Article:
Summer exhibition - A Group Exhibition
In Lindberg-on-Sea Art Gallery’s Summer exhibition 2021 artworks by a group of artists are presented, intended to lead the mind to the different maritime elements of summer;
The idyllic Swedish archipelago in Christian Poignant’s semi abstract oil paintings, energetic sceneries in Michael Sole’s mixed acrylic and oil paintings taken from a forceful storm or a swirling ocean, colorful and graceful emotions of sea breeze in Margareta Sieradzki’s abstract paintings, a playful delight in Emanuele Scoppola’s eccentric clay sculptures, and the beauty of our summer city in Brandon Kralik’s Stockholm depictions.
With nature as a starting point, and a strong connection to water, the ocean and Swedish coast Christian Poignant creates his artworks in the borderline between the abstract and the figurative.
The artworks often consist of segments of shape where encounters and reflections, light, air and contrast are of great importance.
”The summers as a child in the archipelago has probably formed my mind and imagery.
The titles of the paintings and the theme of the exhibition are taken from the daily shipping forecasts. Memories of growing up in the archipelago of Oxelösund with a shushing grandfather pressing his ear to the radio set.”
Östergarnsholm väst nio meter per sekund avtagande, 27x30 cm
Sydöstra Östersjön sydost tre till sju på förmiddagen vridande, 27x30 cm
Skärgårdshavet lugnt, 80x98 cm
Mot kvällen avtagande, 27x30 cm
Mot morgonen uppklarnande, 27x30 cm
Read more about Christian Poignant
From a background in modern dance, Margareta Sieradzki has formed her artistic philosophy, where the individual details are often left standing back to enhance the pure cleanness and naturalness of a brush stroke.
”Through my dance studies I was trained in pace, dimensions, directions, pitch, precision and flow.
To refine the expression, make it even simpler and to find the way to the spontaneity of the brushstrokes very own beauty has always been my way.”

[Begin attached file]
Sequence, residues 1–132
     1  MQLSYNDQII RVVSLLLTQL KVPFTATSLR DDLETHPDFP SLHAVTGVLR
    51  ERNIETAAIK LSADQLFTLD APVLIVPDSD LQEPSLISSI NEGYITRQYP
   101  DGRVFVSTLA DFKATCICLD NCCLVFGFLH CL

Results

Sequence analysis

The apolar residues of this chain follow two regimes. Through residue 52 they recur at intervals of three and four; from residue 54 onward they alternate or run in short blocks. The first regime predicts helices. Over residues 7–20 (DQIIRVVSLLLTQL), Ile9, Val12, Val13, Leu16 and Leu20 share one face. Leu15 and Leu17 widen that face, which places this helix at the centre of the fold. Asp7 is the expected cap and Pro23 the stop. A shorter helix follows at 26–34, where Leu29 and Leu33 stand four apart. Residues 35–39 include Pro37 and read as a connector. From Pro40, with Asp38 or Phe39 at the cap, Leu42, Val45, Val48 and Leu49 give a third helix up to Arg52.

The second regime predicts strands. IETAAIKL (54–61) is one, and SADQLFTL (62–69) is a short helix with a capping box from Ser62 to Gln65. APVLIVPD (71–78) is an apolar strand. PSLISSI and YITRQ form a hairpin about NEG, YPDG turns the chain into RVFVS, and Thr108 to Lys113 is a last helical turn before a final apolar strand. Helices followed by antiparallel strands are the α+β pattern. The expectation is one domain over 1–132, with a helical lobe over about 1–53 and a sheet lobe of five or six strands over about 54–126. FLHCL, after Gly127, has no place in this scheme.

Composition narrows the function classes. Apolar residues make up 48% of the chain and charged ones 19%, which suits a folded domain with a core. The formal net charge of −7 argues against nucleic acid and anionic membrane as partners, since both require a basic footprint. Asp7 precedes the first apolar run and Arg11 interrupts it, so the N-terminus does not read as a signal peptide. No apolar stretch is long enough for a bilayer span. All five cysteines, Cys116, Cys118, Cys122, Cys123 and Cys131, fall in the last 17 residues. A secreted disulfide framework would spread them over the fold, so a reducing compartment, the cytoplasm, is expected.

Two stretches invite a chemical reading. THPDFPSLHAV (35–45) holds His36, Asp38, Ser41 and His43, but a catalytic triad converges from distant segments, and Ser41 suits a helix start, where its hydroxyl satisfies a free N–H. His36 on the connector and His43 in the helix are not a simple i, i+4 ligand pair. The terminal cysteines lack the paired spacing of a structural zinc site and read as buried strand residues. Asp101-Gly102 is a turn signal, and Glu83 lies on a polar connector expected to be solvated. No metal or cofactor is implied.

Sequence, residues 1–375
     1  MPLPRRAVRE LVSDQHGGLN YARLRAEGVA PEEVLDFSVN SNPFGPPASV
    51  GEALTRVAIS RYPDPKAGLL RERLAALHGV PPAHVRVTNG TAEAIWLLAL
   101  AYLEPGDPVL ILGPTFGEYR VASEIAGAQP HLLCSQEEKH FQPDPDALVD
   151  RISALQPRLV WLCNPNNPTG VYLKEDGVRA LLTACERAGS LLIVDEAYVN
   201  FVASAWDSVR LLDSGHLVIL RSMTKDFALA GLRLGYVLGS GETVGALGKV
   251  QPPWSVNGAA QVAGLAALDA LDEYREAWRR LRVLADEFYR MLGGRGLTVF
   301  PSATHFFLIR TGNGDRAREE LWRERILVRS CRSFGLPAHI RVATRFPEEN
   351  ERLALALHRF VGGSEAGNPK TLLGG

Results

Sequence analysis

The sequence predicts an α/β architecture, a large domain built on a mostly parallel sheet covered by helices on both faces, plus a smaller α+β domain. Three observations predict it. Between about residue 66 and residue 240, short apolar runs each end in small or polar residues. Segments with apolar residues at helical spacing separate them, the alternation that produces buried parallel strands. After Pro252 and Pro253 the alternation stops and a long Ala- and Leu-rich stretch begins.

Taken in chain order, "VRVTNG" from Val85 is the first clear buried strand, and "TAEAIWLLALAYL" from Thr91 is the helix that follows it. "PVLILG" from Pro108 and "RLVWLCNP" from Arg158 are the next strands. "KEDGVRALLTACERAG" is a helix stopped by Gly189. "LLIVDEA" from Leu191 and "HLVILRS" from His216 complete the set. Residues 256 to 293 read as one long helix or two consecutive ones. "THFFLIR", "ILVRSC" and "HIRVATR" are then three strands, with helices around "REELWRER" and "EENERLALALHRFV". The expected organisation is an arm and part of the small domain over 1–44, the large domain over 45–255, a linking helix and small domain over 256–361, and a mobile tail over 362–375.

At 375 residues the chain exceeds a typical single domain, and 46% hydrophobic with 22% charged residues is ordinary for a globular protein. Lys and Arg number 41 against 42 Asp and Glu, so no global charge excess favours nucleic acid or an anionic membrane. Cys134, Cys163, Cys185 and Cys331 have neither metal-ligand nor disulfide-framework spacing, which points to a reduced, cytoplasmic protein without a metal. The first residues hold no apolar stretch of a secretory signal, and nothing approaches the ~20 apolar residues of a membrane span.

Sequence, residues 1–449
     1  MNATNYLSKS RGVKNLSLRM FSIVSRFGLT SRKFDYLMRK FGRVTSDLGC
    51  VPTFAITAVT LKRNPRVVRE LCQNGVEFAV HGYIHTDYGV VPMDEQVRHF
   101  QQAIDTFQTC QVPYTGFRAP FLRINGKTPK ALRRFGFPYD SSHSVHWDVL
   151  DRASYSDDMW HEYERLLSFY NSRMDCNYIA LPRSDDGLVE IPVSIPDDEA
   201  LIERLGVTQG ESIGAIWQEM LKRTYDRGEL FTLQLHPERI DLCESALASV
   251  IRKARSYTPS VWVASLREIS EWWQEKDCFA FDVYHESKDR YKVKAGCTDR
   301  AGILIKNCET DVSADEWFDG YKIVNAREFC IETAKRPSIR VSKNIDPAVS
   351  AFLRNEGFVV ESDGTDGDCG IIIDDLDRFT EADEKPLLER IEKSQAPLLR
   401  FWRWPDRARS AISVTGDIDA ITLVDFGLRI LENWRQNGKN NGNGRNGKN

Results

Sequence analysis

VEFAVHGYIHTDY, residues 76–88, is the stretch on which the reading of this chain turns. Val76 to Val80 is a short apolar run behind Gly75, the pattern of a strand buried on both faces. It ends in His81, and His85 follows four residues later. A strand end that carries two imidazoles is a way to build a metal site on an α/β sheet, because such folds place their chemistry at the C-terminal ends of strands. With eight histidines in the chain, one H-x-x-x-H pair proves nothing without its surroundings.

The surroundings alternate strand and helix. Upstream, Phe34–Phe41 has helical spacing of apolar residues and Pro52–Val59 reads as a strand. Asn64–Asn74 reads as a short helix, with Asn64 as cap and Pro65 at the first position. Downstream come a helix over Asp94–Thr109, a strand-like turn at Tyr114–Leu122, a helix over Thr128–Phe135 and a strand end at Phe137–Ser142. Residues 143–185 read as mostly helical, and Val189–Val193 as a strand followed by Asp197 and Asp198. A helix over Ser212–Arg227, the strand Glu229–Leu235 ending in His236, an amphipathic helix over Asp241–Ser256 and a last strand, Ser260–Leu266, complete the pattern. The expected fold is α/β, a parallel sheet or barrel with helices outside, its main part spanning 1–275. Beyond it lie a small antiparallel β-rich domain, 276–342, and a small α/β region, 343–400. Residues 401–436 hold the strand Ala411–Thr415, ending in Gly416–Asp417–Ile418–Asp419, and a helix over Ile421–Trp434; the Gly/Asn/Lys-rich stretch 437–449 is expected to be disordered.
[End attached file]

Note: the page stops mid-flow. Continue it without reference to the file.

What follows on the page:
For over a decade, stormy seascapes have truly embodied Michael Sole’s ‘Involuntarylism’. An idea of involuntary mark making through the ‘puppeteering’ of paint where the artist’s involvement is purely to manipulate the paint, canvas, colours and consistencies, allowing the painting a life of its own to reach the finished result;
”I paint what gets my heart beating fast as I know I will put, intuitively, my all into it!
Windy rainy stormy days and movement in nature, strong colour contrasts in the sky and in the sea.”
The inspirationen behind Emanuele Scoppola’s playful, imaginative fish sculptures draws inspiration from some of the artist’s earliest childhood memories and in some of his sculptures, Scoppola has chosen to work them into ocarinas, giving these artworks yet another elevated charismatic feature.
“In the late 60’s, when I first met fish, their physiology was too complex for my understanding. I thought their bodies were air tanks.
I like making fish shaped ocarinas because fish are silent animals.
There is something paradoxical in a fish shaped source of sound, and something tender in kissing a fish.”
From his own dual perspective – both from the familiar view as one of the city’s citizens, as well as with the attentive observation of the visitor –Brandon Kralik wants to capture the beauty of our capital city and mediate the hope and the warmth we have missed for so long during the winter months in the wake of the pandemic.
“Stockholm is visually rich and in this new series of original oil paintings I explore and celebrate it using the various elements, including the sculpture, architecture, clouds and the sea, that make it one of the world’s most beautiful cities.”